“They took me into surgery and they put the halo on,” he explains. “The halo was to hold my neck straight, to keep me from moving. To do that, they screwed holes in my head.” 
The holes are in four places on his head. The two that are visible are small, deep scars on his forehead that he sees every time he looks in the mirror. 
“My arm was pulp so they had to stick a bar in. I have a bar in my left leg and two screws in each ankle. I had rods through my foot to hold my foot together.”
But miraculously there was no head injury and he didn’t lose any limbs. 
“That was my first question, besides the teeth,” he says. “I asked if they had to cut anything off and they said no.”
He also knew he wasn’t paralyzed because he could move his fingers and feel his toes.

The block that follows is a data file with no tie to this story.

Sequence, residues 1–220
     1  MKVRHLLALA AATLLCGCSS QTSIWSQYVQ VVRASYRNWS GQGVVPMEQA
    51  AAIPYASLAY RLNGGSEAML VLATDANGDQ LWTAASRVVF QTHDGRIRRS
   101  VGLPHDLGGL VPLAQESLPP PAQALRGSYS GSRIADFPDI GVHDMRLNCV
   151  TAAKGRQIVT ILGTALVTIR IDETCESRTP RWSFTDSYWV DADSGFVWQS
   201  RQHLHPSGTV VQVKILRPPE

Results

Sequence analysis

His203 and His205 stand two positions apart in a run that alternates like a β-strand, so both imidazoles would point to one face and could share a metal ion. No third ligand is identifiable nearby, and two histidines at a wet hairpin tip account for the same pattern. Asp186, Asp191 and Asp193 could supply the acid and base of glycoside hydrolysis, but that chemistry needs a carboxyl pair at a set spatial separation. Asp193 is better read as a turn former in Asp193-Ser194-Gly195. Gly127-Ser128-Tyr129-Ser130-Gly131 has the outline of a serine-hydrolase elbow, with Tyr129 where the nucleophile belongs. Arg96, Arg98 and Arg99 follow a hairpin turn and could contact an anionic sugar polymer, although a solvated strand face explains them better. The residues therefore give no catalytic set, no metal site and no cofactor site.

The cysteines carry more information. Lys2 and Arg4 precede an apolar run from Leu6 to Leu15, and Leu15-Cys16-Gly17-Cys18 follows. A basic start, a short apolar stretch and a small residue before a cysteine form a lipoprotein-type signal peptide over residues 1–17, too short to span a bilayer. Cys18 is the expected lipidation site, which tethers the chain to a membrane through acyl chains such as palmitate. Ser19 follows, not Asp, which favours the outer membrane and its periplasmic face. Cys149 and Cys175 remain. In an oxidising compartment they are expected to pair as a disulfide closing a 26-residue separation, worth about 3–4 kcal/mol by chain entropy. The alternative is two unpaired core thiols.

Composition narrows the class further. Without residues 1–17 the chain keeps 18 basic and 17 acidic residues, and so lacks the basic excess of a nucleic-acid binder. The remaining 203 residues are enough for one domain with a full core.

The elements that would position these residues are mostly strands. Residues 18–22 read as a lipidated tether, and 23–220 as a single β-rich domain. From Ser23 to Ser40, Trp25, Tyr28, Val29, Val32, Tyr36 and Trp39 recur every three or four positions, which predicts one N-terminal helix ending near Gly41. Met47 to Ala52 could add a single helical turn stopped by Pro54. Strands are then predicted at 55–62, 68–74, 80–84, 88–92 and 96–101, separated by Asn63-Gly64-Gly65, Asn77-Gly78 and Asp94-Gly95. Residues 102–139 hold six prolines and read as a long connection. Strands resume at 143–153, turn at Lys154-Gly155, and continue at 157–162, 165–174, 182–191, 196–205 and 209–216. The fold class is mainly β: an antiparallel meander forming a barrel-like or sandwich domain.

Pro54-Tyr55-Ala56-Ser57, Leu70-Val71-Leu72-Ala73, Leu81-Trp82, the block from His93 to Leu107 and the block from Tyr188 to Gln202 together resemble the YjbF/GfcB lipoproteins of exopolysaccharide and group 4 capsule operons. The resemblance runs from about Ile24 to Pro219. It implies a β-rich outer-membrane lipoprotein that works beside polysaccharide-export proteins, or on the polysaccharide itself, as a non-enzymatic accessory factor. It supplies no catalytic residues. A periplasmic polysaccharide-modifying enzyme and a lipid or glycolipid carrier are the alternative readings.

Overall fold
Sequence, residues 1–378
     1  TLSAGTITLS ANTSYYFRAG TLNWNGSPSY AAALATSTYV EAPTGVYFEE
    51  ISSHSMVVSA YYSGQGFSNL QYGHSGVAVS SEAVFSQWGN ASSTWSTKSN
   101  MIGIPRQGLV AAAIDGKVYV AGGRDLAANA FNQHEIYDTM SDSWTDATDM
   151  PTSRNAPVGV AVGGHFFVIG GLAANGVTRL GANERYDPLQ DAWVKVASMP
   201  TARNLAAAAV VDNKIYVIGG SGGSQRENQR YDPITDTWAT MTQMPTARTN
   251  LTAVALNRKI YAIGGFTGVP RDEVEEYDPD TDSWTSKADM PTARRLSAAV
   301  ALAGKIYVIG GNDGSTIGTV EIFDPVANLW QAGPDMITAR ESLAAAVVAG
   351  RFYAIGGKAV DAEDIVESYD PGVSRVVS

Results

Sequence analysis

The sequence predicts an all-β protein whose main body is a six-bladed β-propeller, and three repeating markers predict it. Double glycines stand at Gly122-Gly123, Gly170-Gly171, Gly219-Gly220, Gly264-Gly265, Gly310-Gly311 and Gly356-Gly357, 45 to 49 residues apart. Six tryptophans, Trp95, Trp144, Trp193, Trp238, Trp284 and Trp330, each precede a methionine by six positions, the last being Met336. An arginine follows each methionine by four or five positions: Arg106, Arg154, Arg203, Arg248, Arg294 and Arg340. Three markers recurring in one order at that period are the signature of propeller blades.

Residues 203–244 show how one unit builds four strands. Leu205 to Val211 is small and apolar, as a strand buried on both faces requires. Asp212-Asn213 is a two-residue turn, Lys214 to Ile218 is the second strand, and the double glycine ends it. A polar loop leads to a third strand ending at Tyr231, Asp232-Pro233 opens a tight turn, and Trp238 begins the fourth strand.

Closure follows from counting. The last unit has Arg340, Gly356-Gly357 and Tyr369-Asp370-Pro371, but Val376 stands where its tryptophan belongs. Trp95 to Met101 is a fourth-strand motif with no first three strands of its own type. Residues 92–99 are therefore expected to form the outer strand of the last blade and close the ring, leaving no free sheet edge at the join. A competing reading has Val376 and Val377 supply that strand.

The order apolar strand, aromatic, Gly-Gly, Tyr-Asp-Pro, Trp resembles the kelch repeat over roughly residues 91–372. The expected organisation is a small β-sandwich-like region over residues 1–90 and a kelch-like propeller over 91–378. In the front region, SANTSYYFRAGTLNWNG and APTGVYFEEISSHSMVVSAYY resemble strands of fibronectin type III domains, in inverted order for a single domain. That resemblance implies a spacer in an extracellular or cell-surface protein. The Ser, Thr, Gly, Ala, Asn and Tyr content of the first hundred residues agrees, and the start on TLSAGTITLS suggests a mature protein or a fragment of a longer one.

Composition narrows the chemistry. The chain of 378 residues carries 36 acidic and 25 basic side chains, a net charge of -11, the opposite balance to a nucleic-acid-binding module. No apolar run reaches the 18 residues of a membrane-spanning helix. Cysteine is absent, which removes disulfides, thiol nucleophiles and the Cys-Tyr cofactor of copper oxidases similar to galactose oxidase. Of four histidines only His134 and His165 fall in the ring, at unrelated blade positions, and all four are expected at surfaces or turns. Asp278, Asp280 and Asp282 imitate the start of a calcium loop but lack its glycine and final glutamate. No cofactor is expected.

Submitted by his family: September 2013
For the first few weeks in hospital in Halifax, Jerett says he did little else but sleep. Family and friends were a constant presence at his bedside. 
“They were there all the time,” says Jerett. “I know it was hard on them, guaranteed it was. They tried to keep someone with me all the time in Halifax; when they moved me to Springhill, it was pretty near every day I had someone there with me.”
The move to the rehab centre at the hospital in Springhill happened in October and that’s when Jerett got to work on regaining mobility in his left leg and right hand.
“They said age was my best ally. They weren’t expecting me to walk for a year; I was walking in four months. Where the nerves were severed in my right arm, I couldn’t move my hand. Right-handed,” he points out. “I think that frustrated me the most. It bugged me enough that I stuck with the physio quite a bit. They said if I worked at it, I would get it back and I wanted it back.”
His right hand is “perfect,” he says, making and releasing a fist. “It might not be as strong as it was but it’s about as good as it’s going to get.”